Thank you for the additional information and responses to my questions. Before I provide you with some strategies you may consider, I will respond to each of your questions below.

Questions: 1. Are there "degrees of bipolarizm'?

ANSWER: There are phases (peaks and plateaus) in bipolar conditions. Degrees suggest severity and that is not the typical way we diagnose using the version 5. Rather we use a five part axis system....

2. Can truly bipolaristic people self medicate as in 'take a pill when you feel you need one'?

ANSWER: I would never suggest that anyone at any time self medicate, whether their condition is physical or psychological. Even when a prescription is written "PRN"... there are usually specific instructions as to when, how, and under what conditions those medicines are administered. Even over the counter drugs, have specific instructions on use, and usually a time limit that if symptoms worsen or do not improve, immediately seek the advice of your physician.

3. Is this condition permanent?

ANSWER: I would not refer to the condition as permanent. Rather I believe a more appropriate term to use is "Chronic". The condition will probably never go away (unless we find a cure); HOWEVER, the condition can certainly be managed so the individual can effectively function.

4. Can any more be done than provide the strongest possible emotional support and follow the psychiatrist's instructions with regard to medication?

ANSWER: See my further comments below.

5. Is it fair to say he is very likely to get better and function at a high level, as do many other with his condition?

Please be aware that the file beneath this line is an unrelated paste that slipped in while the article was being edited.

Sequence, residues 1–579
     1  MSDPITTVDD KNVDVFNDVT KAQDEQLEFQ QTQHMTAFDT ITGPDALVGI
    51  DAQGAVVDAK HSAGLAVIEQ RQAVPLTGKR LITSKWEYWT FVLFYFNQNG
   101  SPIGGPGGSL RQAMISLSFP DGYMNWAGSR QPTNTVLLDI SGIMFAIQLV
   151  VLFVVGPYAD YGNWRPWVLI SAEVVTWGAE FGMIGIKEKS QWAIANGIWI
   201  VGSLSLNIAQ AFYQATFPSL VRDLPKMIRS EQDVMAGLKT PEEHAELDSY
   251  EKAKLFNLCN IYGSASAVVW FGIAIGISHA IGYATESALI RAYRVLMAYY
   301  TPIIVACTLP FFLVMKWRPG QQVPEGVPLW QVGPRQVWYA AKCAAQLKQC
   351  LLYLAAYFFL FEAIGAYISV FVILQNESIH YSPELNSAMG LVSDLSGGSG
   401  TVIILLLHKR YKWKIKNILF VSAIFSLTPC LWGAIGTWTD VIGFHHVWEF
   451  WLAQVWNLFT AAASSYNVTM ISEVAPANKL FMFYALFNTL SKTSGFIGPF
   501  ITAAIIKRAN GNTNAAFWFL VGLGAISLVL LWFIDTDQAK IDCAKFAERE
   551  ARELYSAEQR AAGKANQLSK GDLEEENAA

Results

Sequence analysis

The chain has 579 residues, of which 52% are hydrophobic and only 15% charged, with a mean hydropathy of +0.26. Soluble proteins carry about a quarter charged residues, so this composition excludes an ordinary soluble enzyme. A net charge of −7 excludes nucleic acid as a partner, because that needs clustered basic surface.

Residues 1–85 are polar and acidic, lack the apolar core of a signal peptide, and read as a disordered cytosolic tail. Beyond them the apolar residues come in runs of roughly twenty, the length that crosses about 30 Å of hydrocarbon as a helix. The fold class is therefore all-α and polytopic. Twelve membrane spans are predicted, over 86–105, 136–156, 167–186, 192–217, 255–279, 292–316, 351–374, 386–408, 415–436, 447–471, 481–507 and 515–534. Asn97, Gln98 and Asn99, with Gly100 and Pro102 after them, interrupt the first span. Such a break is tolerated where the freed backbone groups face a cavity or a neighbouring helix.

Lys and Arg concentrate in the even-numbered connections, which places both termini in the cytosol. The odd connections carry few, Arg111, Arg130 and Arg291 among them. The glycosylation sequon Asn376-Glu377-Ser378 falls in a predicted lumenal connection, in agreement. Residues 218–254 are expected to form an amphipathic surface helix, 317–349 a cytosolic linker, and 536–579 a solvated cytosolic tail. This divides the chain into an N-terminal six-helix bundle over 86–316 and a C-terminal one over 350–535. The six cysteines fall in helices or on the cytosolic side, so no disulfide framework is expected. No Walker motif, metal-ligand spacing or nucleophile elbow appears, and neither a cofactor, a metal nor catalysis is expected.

ANSWER: I would think with proper and appropriate intervention his situation should improve.


I sincere hope you do not take my initial remarks as anything but objective and without malice. However, no matter how bright we are, or how much knowledge we possess, it is never a good idea to try to treat ourselves, especially when psycho-social issues are involved. Indeed, whenever I have had issues, either with myself, or my family, even if I had the answers (or thought I did) I would always refer to others). I strongly urge that you and your family do the same for your stepson. Toward that end, you have told me that you do not think he is actively involved with ANY mental health professional. As such, I suggest you consider the following and take appropriate action as you see fit:

1: Get your step son to a Psychiatrist ASAP for an immediately evaluation of current condition and review of medicines.

2: With consultation from the Psychiatrist, have your step son commit to seeing a competent and qualified mental health professional (there are many in the New York City area) that could see him regularly to deal with the issues that effect and impact his condition. I strongly urge a mental health counselor (Psychologist, Social Worker, Psychiatrist) but one who is a designated Mental Health Counselor (now licensed in NYS) who can competently deal with the myriad of issues your step son is facing. Without knowing the case details, I can assure you that this condition is complex that requires constant and consistent intervention by a competent therapist.

3: You and the rest of the family can best be supportive by insuring that your step son seeks and remains in a therapeutic relationship and NOT attempt to treat or offer treatment... some of his issues may involve those who are trying to help.

4. Provide, as you currently are, as much love, support and encouragement in a realistic and pragmatic fashion...that is the best intervention for family members.

I hope this has been helpful for you. Please contact me with either a new question or if you need further information if necessary. I look forward to your feedback and positive rating.
Dr. Glick and other Mental Health Specialists are ready to help you

I'm just following up with you to see how everything is going. Please contact me if there is anything else with which I can assist.

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Dr. Glick